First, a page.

Leading up to Hale o Keawe Heiau is the Great Wall, separating the royal grounds from the puʻuhonua (place of sanctuary). Built around 1550, this stone wall is over 1000ft long and 10ft high. Inside the wall are two older heiau platforms and legendary standing stones – a chief slept on one, and you can supposedly see the concave depression left by his head.

Lonely Planet's must-see attractions

Nearby attractions

1. Hale o Keawe Heiau

0.09 MILES

'The temple on the point of the cove,' located a few hundred yards past the main park entrance, was built around 1650 and contains the bones of 23 chiefs…

2. Keoneʻele Cove


Once this was the royal canoe landing; now it's a tongue of sand that hooks into the waters (wave to those snorkelers at Two-Step just across the way) and…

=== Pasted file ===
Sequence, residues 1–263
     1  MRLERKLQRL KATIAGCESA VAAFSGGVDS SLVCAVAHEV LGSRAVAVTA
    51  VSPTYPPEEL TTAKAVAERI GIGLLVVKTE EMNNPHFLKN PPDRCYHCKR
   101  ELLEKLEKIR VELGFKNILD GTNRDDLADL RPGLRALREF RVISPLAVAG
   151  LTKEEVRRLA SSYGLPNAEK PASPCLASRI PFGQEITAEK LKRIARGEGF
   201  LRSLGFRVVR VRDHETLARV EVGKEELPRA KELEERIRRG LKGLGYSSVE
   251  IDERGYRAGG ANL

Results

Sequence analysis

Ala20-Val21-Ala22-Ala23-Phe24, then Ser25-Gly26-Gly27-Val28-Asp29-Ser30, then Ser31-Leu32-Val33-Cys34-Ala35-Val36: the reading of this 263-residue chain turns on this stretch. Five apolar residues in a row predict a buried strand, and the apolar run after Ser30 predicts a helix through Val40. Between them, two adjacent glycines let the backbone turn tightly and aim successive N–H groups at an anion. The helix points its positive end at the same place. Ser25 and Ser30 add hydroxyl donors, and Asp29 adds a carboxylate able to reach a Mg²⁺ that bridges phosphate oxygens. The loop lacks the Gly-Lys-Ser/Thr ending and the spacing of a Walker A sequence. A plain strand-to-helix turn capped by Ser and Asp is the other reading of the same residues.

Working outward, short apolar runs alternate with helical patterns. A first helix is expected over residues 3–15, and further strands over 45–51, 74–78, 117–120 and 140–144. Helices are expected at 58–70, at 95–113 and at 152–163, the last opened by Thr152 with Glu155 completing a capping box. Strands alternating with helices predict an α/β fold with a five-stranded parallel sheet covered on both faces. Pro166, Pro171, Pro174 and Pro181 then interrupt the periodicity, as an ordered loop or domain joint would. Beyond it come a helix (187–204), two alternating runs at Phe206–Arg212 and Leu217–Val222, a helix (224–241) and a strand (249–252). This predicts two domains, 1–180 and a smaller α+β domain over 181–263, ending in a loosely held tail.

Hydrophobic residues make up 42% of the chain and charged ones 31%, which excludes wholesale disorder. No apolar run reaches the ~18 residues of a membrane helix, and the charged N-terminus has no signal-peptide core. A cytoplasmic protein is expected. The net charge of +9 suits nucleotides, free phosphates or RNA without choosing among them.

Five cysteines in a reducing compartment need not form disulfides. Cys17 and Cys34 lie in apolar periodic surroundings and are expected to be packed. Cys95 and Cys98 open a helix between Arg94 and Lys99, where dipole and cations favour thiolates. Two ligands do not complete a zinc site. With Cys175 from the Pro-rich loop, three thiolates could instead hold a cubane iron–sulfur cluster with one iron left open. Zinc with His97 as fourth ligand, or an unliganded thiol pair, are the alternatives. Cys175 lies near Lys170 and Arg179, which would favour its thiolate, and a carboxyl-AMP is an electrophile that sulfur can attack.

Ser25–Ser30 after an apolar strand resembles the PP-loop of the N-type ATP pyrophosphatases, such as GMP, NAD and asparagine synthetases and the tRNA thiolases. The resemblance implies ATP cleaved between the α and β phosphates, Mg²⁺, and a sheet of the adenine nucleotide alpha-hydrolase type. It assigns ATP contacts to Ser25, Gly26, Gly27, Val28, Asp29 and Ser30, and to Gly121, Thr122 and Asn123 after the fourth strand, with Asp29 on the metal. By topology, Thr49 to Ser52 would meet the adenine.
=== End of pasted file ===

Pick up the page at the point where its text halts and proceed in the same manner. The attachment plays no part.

3. Picnic Area

0.16 MILES

Just south of the park’s central village area, an oceanfront palm-tree grove holds one of South Kona’s choicest picnic areas. Parking, picnic tables and…

5. St Benedict's Painted Church

1.85 MILES

A pulpit with a view, gravestones cradled by tropical blooms and a little chapel with floor-to-ceiling 'outsider art' make this church a picturesque side…

6. Paleaku Gardens Peace Sanctuary

2.46 MILES

Near the church on Painted Church Rd, these tranquil 7-acre gardens contain shrines to the world’s major religions and a staggeringly impressive ‘Galaxy…

7. Society for Kona's Education & Art

2.48 MILES

SKEA is a hotbed of activity, with pilates, Polynesian dance, tai chi and Japanese-ink-painting classes, art shows and poetry readings; check the online…

8. Keʻei Beach

2.89 MILES

Just south of Kealakekua Bay, Keʻei Beach is an attractive cove that's mostly too rough and rocky for swimming, except for a very narrow sandy stretch at…